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Researchers from the University of Toronto found that people who were vaccinated against influenza were less likely to have a major heart event, compared with those who weren’t vaccinated. The findings are based on a review of five published randomized clinical trials, as well as one unpublished randomized clinical trial. The trials, which all focused on flu vaccinations and heart events, included a total of 6,735 people with an average age of 67 who were followed for an average 7.9 months. A little more than a third of the people had a history of heart problems prior to the trials.
Among the entire group, 2.9 percent of people who got their flu shots had a major negative heart event within one year of follow-up, compared with 4.7 percent of people who didn’t get their flu shots (who were in the placebo/control groups in their specific studies). Among those who had recently suffered a heart attack, researchers found that they seemed to especially benefit from the protective effect of the flu shot.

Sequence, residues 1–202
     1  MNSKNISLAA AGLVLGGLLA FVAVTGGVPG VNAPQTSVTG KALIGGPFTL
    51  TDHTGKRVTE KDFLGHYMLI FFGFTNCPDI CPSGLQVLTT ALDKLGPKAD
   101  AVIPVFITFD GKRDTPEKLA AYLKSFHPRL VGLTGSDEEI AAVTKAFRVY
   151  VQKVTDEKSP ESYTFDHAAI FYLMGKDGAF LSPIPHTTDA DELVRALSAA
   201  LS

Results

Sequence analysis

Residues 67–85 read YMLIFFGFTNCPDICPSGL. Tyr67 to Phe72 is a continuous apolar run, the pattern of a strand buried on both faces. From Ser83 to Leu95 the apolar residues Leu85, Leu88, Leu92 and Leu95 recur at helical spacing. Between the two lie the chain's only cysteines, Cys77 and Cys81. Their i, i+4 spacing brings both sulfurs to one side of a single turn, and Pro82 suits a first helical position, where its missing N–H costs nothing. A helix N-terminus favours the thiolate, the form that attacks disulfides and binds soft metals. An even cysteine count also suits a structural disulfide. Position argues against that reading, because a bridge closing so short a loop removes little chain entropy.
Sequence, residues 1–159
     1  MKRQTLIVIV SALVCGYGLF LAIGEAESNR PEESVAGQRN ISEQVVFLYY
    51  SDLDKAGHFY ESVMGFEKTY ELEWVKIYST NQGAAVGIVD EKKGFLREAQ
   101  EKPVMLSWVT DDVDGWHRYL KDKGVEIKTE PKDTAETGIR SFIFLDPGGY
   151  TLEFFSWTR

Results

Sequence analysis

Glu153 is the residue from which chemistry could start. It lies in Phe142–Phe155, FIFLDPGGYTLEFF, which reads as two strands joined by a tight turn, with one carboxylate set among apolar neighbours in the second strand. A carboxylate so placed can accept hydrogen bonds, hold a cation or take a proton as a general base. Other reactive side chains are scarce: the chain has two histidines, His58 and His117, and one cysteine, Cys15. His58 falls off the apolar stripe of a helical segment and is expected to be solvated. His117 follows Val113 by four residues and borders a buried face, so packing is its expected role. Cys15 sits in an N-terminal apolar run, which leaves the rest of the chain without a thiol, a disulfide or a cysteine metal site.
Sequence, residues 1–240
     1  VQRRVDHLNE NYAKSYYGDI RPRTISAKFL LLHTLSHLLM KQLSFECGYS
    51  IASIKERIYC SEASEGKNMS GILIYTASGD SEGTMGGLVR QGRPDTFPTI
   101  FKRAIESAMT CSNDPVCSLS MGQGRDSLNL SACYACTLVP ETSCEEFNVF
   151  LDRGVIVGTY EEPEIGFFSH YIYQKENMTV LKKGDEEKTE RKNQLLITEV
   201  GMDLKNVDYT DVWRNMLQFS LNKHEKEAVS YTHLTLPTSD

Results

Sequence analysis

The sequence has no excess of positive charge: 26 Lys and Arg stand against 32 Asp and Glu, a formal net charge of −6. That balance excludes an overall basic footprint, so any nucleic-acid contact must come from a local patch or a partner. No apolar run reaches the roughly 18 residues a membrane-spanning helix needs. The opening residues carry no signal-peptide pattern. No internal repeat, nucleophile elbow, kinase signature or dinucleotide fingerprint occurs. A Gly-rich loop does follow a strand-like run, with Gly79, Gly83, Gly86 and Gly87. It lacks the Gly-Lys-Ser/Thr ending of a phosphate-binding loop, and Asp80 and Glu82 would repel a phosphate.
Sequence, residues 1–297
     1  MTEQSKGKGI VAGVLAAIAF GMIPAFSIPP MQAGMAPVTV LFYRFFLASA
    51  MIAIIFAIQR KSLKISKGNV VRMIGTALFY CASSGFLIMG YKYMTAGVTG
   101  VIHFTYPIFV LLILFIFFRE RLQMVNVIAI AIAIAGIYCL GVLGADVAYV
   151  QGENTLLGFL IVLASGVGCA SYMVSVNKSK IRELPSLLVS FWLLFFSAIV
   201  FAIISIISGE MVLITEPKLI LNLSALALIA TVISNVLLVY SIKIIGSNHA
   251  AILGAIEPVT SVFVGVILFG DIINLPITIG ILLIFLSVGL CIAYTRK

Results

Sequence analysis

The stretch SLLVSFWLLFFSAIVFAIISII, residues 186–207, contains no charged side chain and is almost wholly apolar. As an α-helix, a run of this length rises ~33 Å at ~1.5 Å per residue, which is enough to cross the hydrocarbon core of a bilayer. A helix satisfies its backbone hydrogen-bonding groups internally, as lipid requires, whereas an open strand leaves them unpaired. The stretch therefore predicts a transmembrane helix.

But why does being protected from the flu seem to affect heart health?
“Although acute influenza infection is an independent risk factor for fatal and nonfatal cardiovascular events, the mechanism underlying that risk is less clear,” researchers explained in the study. They suggested that a flu infection could trigger a vascular rupture, set off an arrhythmia, lead to heart failure due to fluid overload or even overwhelm the natural defenses of an already “frail and vulnerable patient.”
The study was published in the Journal of the American Medical Association.
Previously, a Heart study showed that flu vaccination could help people who have not yet had a major heart event, but are at risk for one. Australia, U.K. and U.S. researchers found that for middle-aged people with narrowed arteries, getting a flu shot cuts heart attack risk in half.